May 13, 2013

she's a girl, not a woman. fifteen will get you twenty, dude.

Remember way back last week when a man was arrested for having sex with a minor?

A women's water polo team.
I am sad to say I did not
personally take this photo.
The man was a girls' water polo coach at our local high school. I don't know either the girl or the man, but from the rumors shoved down my throat, this seems to have been consensual. (The law, of course, insists that a minor cannot consent, so  the dude is in big trouble for his galactically awful judgment. I don't excuse him. Not one bit.)

But here's the thing. The high school administration, and the local sports community at large, are as guilty as anyone in this.

I'm a writer. I think words matter. The difference between "infant" and "toddler," for example, is huge. An infant isn't mobile, can't pull an unattended knife off a kitchen counter and stick it into an electrical outlet (or into a little brother). Infants are cute when they cry. Toddlers are Terrible, all the time. We all know it without any more information than the words infant and toddler.

What about the difference between "girl" and "woman"? Girls are innocent and naive. They're Laura Ingalls. They fantasize about being Disney princesses swept away by Prince Charming, and they wear fairy wings even when it's not Halloween. Women, however, have a gritty, world-wise toughness. They listen to All Things Considered, count points, and have credit card debt. They understand that romantic comedies are shelved under Fiction.

The article linked above, you may have noticed, referred to the arrested man as a "girls' water polo coach." Our high school, however, consistently refers to our girls' sports as women's teams. When I was growing up, I was on the boys' track team, not the men's track team. Why are we in such a hurry these days to treat our kids like adults? Why can't we let them be kids?
Kinda says all we need to know about that, doesn't it?
Maybe I'm old fashioned, but when the participants are minors, I think they should be called boys and girls, not men and women. The coach was told, over and over, that he was coaching women. The girls were told, over and over, that they were women. What, exactly, did the administration expect to happen?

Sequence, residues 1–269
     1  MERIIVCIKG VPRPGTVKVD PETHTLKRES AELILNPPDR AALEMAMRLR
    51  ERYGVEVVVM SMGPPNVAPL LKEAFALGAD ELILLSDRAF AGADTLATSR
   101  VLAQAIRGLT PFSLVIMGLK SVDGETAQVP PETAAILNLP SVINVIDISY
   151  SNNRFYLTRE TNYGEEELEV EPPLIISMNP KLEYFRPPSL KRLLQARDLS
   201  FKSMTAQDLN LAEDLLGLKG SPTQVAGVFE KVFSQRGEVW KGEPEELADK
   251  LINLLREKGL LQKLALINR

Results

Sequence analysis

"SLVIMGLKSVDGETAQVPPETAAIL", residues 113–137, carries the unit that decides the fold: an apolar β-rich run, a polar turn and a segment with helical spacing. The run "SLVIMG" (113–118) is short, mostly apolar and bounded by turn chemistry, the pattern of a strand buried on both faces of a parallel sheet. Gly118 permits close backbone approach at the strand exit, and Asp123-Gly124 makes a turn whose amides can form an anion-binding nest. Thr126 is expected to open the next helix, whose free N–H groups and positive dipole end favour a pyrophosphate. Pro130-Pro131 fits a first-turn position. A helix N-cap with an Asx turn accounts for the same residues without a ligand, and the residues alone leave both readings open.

2 comments:

Sarah Laurenson said...

That's a tough one. I don't think a label made a bit of difference to him. He chose someone who was in an inferior position of power.

That can be a lot of things like an age difference or a mental capacity difference (like the one arrested near here today for molesting a teenage student with a 5 year old mental capacity.)

It's about the sniveling coward who can't relate to a real woman so he chooses one (girl or woman) who he perceives is easier to control.

Peter Dudley said...

You may be right, Sarah, but I'm not so sure that's the case here, from what I've heard from people who have some credibility. My point is not that the guy shouldn't be blamed--it was at a minimum a colossally stupid thing to do, and everyone knows what he did is a crime. It could have been predatory, of course, but credible people seem not to think so.

My point is that society already puts pressure on kids to grow up too fast. It comes from media, from parents, from peers. Does it really have to come from the school, too? I guess the point of calling them "men's wrestling" and "women's swimming" is to make the kids feel more mature. Maybe it's to lend gravitas to the sports so parents will donate more. I don't get it. It's one of those "seems like a nice idea for building self esteem and promoting maturity," but is that really what it does?

Being on a sports team doesn't make a kid an adult. She's still a kid. Why isn't that okay?